Adamolekun’s day starts around 6 a.m. He says the first thing he does is check on the restaurant’s operating performance from the day before and compare it to a certain period of that day by reviewing daily flash reports. If he sees something unusual, according to MSN.com, he sets a plan to call Art Kilmer the COO to discuss it.
After the flash reports, he checks his emails and tends to the updating of his own to-do list. By 7:30 p.m., the executive is at the corporate headquarters in Scottsdale, where he meets with Kilmer and then later with CFO Brad Hill to speak about the pertinent needs of the day.
“My job isn’t making food,” he said. “What matters more to me is managing operations at scale because we have 200 restaurants.”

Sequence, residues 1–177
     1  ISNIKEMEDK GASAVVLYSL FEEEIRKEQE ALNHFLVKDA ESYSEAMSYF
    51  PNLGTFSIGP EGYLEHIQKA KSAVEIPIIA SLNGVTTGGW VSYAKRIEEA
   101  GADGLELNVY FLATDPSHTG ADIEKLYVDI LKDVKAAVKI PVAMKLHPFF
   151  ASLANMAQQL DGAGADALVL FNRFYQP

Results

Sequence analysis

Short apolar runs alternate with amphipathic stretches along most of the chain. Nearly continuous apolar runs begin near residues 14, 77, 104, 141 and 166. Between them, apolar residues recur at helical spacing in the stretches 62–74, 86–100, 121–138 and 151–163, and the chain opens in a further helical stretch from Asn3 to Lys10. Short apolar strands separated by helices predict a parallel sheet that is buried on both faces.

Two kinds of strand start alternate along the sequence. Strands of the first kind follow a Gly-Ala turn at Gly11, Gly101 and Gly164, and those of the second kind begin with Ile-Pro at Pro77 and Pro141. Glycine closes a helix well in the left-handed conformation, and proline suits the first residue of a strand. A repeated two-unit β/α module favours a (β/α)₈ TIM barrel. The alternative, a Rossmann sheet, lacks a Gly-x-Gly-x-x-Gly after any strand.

He added, “I’m very data-driven, so I wanted to build a heat map of sorts to see what’s happening within restaurants, so it’s not all anecdotes. The heat map for each restaurant measures culinary performance, the time to get an order to the table, audit scores, hospitality performance and wait times. Customer scores and turnover rate are in there, too.”
Even though Adamolekun, who also played defensive back at Brown University as an undergrad, is the CEO of P.F. Chang’s, he is also still a partner at Paulson, working to expand other brands within their portfolio.